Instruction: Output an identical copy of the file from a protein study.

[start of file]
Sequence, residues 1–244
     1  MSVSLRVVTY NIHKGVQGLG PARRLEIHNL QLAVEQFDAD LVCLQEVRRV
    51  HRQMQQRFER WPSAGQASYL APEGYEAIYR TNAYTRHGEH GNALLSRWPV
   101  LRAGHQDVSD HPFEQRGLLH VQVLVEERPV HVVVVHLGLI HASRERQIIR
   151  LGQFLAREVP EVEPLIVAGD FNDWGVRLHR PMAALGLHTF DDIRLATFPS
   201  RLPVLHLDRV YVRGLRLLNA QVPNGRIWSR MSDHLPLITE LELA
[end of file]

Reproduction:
Sequence, residues 1–244
     1  MSVSLRVVTY NIHKGVQGLG PARRLEIHNL QLAVEQFDAD LVCLQEVRRV
    51  HRQMQQRFER WPSAGQASYL APEGYEAIYR TNAYTRHGEH GNALLSRWPV
   101  LRAGHQDVSD HPFEQRGLLH VQVLVEERPV HVVVVHLGLI HASRERQIIR
   151  LGQFLAREVP EVEPLIVAGD FNDWGVRLHR PMAALGLHTF DDIRLATFPS
   201  RLPVLHLDRV YVRGLRLLNA QVPNGRIWSR MSDHLPLITE LELA